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In an illuminating metaphor, Eugene Istomin has said of the components of the Beethoven trios that "the other instruments are his friends, his relatives, his beloveds, but the piano is Beethoven himself." This is, paradoxically, even more true of the works of Beethoven's later life when deafness all but forbade public performance, for in these works the composer was fulfilling an abstract evolution on paper that might never have been performed in the concert hall.
The first evidence in the trios of this "abstract evolution" comes in the Op. 70 trios of 1808, written for one of his most perceptive patrons. Countess Marie von Erdody. Though the piano is not so all-pervasive as in the works of a decade or more before, it is now the strong spinal column of the body artistic, able to give as well as take. From it, as nervous epicenter, the stringed instruments exercise their own sovereign impulse.
The beautifully constructed first movement, with its interlaced voives, reaches fulfillment in a combination of what has begun as srparate themes. There is a similar duality in the largo assai e espressivo, for it is one part Beethoven, one part Schubert - that part of brooding introspection with its other-worldliness that has caused work to be called the "GeisterTrio" or "Ghost Trio."
Most amazing is Beethoven's ability to intensity the drama with which it begins, to make the last statement of the much-repeated motive as meaningful as the first. As there is no praclicable way in which a scherzo, minuet or other dance-derived piece could follow this slow movement, he proceeds directly to the Finale. It comes like dawn after a dark night, a renewal of faith, in a statement of regeneration and recommittment.
The "Archduke" Trio marks the peak of Beethoven's writing for violin, cello and piano. It is dedicated to Archduke Rudolph of Austria, the musically gifted son of the Emperor Leopold II. Rudolph not only studied piano and theorv with Beethoven from the time he was sixteen, but also became Beethoven's friend and benefactor. In addition, he maintained a fine library into which Beethoven deposited manuscript copies of each of his new compositions.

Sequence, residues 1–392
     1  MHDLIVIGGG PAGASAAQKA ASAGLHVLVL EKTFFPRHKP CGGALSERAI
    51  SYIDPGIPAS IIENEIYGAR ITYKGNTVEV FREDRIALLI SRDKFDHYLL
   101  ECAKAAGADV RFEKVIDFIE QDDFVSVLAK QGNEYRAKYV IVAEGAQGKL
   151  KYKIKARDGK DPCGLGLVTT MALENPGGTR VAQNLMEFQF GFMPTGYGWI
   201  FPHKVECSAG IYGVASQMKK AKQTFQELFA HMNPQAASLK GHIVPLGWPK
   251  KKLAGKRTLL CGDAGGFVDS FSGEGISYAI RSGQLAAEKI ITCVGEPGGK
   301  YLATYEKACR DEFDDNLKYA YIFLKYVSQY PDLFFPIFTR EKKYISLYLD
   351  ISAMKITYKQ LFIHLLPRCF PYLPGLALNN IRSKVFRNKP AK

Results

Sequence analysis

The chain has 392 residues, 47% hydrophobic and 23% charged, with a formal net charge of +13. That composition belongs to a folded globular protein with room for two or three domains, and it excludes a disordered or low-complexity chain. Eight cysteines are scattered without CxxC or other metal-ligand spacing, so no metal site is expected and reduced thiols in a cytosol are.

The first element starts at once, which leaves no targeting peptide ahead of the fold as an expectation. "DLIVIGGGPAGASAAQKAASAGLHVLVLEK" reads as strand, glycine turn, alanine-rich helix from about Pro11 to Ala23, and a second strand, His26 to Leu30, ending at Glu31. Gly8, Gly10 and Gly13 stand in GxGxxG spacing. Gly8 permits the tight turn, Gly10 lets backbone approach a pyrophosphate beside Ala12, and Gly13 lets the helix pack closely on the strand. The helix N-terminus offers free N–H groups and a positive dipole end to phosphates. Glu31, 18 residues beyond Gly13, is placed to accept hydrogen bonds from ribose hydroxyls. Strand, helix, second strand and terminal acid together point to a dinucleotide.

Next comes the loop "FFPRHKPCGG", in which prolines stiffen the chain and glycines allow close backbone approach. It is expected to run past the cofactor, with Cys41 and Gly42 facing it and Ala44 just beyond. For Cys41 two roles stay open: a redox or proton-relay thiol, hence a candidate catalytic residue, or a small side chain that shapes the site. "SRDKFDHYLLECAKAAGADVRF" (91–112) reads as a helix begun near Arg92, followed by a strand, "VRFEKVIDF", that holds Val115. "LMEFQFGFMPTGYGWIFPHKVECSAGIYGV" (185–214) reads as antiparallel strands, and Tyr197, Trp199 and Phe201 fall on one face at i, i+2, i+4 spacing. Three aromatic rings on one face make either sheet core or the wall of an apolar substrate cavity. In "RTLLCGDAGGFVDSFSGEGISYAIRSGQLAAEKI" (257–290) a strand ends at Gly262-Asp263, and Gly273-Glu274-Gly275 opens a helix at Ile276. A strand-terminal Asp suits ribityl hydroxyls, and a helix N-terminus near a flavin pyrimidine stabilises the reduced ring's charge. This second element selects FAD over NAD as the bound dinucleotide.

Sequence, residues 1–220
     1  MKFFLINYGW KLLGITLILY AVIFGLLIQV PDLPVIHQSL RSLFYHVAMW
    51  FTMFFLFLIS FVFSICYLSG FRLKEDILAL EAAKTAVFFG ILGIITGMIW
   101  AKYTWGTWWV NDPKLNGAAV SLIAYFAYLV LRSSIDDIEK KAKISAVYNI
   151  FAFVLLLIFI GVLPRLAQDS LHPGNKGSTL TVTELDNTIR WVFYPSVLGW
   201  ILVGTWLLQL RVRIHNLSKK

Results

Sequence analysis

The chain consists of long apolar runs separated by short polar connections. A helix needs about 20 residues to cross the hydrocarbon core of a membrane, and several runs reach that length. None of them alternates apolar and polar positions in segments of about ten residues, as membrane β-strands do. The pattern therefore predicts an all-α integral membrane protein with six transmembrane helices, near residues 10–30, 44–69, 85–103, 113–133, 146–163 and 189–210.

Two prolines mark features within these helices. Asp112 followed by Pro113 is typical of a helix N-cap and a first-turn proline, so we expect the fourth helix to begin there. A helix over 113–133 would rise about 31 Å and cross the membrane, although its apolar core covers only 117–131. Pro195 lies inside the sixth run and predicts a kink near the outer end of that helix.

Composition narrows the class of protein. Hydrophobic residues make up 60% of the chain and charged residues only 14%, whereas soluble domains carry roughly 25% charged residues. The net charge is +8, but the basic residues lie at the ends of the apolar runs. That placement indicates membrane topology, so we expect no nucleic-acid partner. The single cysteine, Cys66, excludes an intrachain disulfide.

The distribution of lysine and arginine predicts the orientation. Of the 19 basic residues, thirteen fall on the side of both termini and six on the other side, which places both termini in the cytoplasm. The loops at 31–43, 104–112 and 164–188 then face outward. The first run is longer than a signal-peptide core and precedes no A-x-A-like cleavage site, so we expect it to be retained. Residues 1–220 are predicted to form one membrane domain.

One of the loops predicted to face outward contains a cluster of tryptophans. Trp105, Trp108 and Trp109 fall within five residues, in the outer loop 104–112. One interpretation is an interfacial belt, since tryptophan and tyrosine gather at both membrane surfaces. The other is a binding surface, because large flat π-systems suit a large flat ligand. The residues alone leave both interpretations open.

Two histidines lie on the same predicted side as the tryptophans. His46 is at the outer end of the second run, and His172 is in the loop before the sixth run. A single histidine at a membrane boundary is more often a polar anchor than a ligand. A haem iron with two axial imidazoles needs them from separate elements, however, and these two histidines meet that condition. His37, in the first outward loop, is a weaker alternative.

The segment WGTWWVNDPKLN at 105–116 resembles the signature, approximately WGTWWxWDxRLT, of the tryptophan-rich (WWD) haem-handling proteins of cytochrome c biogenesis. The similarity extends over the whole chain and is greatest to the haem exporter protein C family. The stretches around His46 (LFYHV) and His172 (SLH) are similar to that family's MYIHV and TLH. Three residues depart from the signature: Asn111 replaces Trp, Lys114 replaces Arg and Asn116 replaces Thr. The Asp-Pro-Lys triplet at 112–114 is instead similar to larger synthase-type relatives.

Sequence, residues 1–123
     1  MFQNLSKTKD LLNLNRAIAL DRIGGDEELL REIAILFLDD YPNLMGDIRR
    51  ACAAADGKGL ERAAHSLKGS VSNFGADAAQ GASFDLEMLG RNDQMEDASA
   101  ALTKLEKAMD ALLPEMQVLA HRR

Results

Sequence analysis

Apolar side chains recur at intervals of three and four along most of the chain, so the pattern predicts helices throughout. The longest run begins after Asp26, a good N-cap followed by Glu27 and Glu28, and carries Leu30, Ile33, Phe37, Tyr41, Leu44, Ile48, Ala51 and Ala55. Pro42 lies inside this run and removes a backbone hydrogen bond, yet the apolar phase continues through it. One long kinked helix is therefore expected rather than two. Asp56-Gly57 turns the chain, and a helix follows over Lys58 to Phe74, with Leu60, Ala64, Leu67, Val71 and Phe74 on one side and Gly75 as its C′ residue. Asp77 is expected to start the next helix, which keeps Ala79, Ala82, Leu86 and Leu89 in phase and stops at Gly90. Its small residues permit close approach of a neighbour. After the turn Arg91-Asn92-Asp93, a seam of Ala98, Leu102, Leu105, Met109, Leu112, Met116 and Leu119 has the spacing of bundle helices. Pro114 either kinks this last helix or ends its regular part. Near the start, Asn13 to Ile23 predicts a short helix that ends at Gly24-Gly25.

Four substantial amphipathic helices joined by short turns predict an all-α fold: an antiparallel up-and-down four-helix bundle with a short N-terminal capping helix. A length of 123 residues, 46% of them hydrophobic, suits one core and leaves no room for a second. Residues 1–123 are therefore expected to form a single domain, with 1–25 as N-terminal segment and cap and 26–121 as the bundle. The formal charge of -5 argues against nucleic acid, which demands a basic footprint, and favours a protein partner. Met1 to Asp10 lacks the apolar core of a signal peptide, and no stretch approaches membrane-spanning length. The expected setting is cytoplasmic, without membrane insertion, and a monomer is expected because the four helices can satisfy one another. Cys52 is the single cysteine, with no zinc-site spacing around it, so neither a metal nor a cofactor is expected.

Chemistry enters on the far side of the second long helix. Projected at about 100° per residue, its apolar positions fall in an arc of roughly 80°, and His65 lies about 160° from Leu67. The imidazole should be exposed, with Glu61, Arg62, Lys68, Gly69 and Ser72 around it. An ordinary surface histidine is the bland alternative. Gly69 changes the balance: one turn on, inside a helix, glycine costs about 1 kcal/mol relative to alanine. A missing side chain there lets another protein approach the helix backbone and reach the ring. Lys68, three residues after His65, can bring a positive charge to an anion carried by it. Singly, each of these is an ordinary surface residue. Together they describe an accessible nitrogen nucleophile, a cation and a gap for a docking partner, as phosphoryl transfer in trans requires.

As far as posterity is concerned, this Iibrary became an invaluable repository of musical masterpices.
The trio №6 in B-flal Major. Op 97. vvas completed at the end of March 1811, but it took more than three years before its first performance in the Hotel zum Romischen Kaiser in Vienna on April 11, 1814.
The occasion was a noontime concert, arranged In the violinist Ignaz Schuppanzigh for a military charity, and Beethoven himself played the piano part. Several weeks later the artists repeated the performance, which was to be the last time Beethoven appeared as a performer of chamber music, his deafness making further participation impossible.
As it was, the "Archduke" Trio could not have fared very well in Beethoven's hands. The composer Ludwig Spohr, who attended a rehearsal, reported that the piano was badly out ol tune, which Beethoven did not hear; that in loud passages he pounded the keys until the strings jangled, and in the softer ones played so lightly that whole groups of notes were omitted, rendering the music unintelligible.
There is a heroic sweep and grandeur about this Trio that places it in a class by itself. At times, it breaks the intimate bounds of chamber music and assumes concertlike qualities: in fact, one hears echoes, especially in the first movement, of both the Fourth and Fifth Piano Concertos. This is music for a trio of virtuosi.
The work opens with a noble Allegro moderato, which brings to mind, in addition to the two Piano Concertos, the first movement of the Quartet in F Major. Op. 59. №1. Both in spirit and rhythm, the second movement of the Trio recalls that of the Quartet, though the constrasting middle section of this movement, with its chromatic main theme, is more a forward glance toward Brahms.
A note of serenity marks the slow movement. Andante cantabile ma poto con molo, a stately theme with live variations. The last variation, longer and more fully developed than the others, makes a few surprise excursions into other keys before leading directly into the final Allegro moderato, a spirited rondo with overtones of a peasant dance.